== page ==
AMEN. Excellent points sir! Mission Control is a major contention with dual displays. It simply displays the same setup on both displays, and is an eye sore compared to Spaces in 10.5/6 which was simple and straight forward. Plus if you dragged a window into the wrong space in 10.5/6 you did not have to leave the app or move to the desktop to retrieve it as in MC, just simply drag and drop it again into the right space.

Mission Control is consumer eye candy; it has some pro's but add's more steps into workflows that aren't necessary.

WSR
May 8, 2012, 08:00 PM
... Lion's full screen mode isn't taking anything away. ...


Actually, Lion's Full-Screen mode took away grid-based Spaces as it is in SL which a number of us preferred.

TheGdog
May 8, 2012, 08:15 PM
Actually, Lion's Full-Screen mode took away grid-based Spaces as it is in SL which a number of us preferred.

I found spaces to be flawed also. Many apps that you would put in a fullscreen mode or a fullscreen video, would often reset when I switched a different space and then back.

I think Mission Control should show up on each display as a seperate instance and you can drag apps back and forth.

bjm2660
May 15, 2012, 09:08 AM
I have an external monitor I never use because I don't like having to completely reconfigure my windows/spaces/full-screens. The Lion Mission Control implementation on my MBP13 works very well. The problem is, that's the only setup that works.

Costee
May 17, 2012, 03:37 PM
Good old times are still advertised on Apple's YouTube channel:

PurrBall
May 17, 2012, 04:57 PM
Parallels added Lion Full Screen mode and then backtracked and made it optional because of customer complaints who wanted to run full screen virtual machines on additional monitors.

Interesting, because this works just fine in VMware with Lion's full screen mode on.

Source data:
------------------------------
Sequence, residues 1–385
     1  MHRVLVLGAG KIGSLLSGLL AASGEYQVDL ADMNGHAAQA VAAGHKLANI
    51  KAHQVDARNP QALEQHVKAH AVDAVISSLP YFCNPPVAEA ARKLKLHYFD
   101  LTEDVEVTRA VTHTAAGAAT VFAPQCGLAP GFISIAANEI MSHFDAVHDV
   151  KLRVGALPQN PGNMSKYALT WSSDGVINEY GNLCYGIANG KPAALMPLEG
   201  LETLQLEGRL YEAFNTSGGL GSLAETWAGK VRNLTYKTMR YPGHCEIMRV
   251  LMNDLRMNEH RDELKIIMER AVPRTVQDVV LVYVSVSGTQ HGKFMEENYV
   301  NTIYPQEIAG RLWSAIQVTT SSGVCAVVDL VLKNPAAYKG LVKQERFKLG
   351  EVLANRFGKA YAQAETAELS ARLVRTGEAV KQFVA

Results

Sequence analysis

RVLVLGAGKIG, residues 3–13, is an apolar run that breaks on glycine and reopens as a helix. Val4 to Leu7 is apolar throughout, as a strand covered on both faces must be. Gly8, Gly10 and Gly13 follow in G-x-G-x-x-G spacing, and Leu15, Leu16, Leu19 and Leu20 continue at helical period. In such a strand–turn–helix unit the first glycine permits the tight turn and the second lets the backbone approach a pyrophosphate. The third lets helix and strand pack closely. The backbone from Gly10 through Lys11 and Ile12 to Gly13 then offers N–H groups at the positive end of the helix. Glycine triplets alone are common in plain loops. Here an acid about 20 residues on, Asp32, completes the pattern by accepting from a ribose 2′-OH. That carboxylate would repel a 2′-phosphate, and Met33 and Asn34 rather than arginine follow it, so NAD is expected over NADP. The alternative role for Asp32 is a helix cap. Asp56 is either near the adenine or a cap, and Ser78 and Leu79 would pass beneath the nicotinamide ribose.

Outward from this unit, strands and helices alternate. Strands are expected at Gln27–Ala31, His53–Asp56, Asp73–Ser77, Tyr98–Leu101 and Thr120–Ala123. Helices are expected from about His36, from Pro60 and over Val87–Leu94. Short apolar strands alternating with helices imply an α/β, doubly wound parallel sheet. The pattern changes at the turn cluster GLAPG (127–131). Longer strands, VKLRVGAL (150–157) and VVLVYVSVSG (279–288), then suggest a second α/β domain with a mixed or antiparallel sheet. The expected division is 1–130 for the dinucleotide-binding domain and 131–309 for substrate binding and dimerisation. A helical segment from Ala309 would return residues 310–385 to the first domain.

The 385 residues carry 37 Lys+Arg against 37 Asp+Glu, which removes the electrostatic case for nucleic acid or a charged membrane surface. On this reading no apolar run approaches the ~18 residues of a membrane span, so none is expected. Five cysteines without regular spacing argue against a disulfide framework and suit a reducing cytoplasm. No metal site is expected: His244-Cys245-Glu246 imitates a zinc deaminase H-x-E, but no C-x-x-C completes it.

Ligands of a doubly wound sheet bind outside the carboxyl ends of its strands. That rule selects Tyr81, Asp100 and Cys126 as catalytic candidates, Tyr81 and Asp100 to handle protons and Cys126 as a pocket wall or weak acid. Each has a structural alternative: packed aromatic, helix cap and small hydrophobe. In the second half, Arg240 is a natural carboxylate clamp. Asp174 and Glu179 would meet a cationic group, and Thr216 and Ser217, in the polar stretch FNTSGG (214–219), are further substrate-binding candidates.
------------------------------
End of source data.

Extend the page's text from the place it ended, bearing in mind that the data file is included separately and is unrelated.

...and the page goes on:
Phil A.
May 17, 2012, 05:18 PM
Interesting, because this works just fine in VMware with Lion's full screen mode on.

VMWare use a slightly different (and much better IMO) tack for their full screen support: If you have a single monitor, going full screen uses OS X's built in full screen functionality. If you have more than one monitor, it uses the old VMWare full screen method that has always been there. Both ways work from the same "full screen" button and it's seamless to the user.

Tinmania
May 17, 2012, 06:24 PM
VMWare use a slightly different (and much better IMO) tack for their full screen support: If you have a single monitor, going full screen uses OS X's built in full screen functionality. If you have more than one monitor, it uses the old VMWare full screen method that has always been there. Both ways work from the same "full screen" button and it's seamless to the user.

I have to say that is an elegant solution for the (IMO broken) Lion fullscreen implementation.




Michael

PurrBall
May 17, 2012, 08:29 PM
VMWare use a slightly different (and much better IMO) tack for their full screen support: If you have a single monitor, going full screen uses OS X's built in full screen functionality. If you have more than one monitor, it uses the old VMWare full screen method that has always been there. Both ways work from the same "full screen" button and it's seamless to the user.

Are you sure? I know this used to be the case, but I'm pretty sure they updated it again to allow multi-screen support using OS X's built in functionality (even showing up properly as a separate space in Mission Control). I haven't used an external display for a while though, so things may have changed again.

Phil A.
May 18, 2012, 07:17 AM
Are you sure? I know this used to be the case, but I'm pretty sure they updated it again to allow multi-screen support using OS X's built in functionality (even showing up properly as a separate space in Mission Control). I haven't used an external display for a while though, so things may have changed again.

Yeah - I've just double checked. If you have multiple monitors, it doesn't show up as a separate space but is just a full screen window. (this is using the Fusion Tech Preview on ML, and it's the same with the latest version of Fusion on Lion)

shurcooL
May 18, 2012, 11:33 AM